Blair upon Ronald's death. In the Estate of Ronald Steven Blair, Deceased, Sean Blair v. Blair, No. 29688 (Mo. App. S.D., April 30, 2010), Bates, P.J.
Ronald and Sharon were married in 1986. During their marriage, they
acquired a tract of real estate. Ronald asked Sharon to sign a
quitclaim deed to that tract which she did. Only Sharon signed the
quitclaim deed. Ronald died intestate, after a period of separation
from Sharon during which Sharon was dating another man. The tract of
land was listed as an asset of Ronald's estate. Sean filed a claim,
alleging that Sharon had waived and relinquished all rights in the
Stafford property. The trial court found that the quitclaim deed did
not extinguish the tenancy by the entirety and that the property passed
to Sharon by operation of law upon Ronald's death. The trial court
removed the property from the estate.
Held: Affirmed. Sean specifically placed the issue
of who owned the Strafford property before the trial court and thus,
his first point (contending that there was error in removing the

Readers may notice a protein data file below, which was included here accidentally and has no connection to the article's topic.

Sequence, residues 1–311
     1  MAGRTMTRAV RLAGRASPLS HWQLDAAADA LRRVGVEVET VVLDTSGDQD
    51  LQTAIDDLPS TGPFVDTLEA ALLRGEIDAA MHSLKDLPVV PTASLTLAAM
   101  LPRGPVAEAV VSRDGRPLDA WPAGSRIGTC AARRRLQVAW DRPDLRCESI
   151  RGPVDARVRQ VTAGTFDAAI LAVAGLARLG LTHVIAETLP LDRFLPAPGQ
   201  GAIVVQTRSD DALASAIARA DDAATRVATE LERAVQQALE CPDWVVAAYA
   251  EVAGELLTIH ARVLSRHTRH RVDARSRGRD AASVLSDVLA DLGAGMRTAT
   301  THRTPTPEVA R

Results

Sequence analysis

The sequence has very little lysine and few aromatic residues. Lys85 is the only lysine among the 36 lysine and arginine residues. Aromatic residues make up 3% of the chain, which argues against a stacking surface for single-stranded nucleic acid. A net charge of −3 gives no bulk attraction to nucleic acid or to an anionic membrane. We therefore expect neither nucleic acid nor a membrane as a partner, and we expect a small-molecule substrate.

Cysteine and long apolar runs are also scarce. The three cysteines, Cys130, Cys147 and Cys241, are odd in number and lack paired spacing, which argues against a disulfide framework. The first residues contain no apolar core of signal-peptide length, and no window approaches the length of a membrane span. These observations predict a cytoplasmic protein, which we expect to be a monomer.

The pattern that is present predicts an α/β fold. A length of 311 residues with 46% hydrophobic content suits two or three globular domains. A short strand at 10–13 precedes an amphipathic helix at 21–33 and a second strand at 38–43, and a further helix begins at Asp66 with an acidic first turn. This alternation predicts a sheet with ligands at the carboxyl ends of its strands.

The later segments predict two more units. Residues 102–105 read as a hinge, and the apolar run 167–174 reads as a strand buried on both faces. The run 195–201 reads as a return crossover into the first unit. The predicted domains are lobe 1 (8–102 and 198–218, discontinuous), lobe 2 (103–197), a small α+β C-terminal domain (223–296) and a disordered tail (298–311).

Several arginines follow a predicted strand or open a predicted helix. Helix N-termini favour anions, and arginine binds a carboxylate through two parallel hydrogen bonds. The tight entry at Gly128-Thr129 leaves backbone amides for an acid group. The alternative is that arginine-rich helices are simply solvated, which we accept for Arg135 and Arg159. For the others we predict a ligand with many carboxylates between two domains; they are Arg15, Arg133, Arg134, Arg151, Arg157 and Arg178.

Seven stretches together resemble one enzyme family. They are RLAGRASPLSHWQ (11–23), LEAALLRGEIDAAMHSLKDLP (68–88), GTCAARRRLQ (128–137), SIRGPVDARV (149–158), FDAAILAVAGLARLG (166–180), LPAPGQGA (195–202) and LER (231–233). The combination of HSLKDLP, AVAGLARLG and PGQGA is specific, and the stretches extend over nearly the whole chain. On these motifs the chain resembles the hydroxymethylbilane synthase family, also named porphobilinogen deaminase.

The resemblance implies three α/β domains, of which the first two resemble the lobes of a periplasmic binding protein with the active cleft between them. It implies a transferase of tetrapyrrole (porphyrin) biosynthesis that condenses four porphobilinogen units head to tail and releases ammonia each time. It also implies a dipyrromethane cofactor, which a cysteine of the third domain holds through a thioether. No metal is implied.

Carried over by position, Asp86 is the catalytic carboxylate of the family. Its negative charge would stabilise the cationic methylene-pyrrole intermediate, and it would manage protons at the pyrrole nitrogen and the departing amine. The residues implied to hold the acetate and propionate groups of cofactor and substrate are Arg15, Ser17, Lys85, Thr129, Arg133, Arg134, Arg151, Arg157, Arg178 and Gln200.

property from the estate) is denied. As to Sean's second point, that
the quitclaim deed executed by Sharon was effective to vest sole
ownership of the property in Ronald, the court held that a deed
executed by one of the tenants alone is void because each party in
Missouri is seized of the whole or entirety and not a share or
Karl Shellabarger appeals from trial court's partial summary
judgment entered in favor of Gene and Eugenia Shellabarger based on
the statute of frauds, the statute of limitations, and laches. Shellabarger
v. Gene and Eugenia Shellabarger, individually and as trustees of the
Gene L. Shellabarger and Eugenia L. Shellabarger Trust, No. 93618 (Mo. App. E.D., April 27, 2010), Sullivan, J.
Karl and Gene entered into a contract involving real estate which
provided that Karl could purchase the real estate in the future,
following an 18-month holding period after Respondents had purchased
the real estate. On November 12, 1996, the holding period was no longer
in effect. The contract did not provide a definite date for
performance or closing. On April 22, 2008, Karl filed a five-count
petition against Respondents. Respondents filed a motion for summary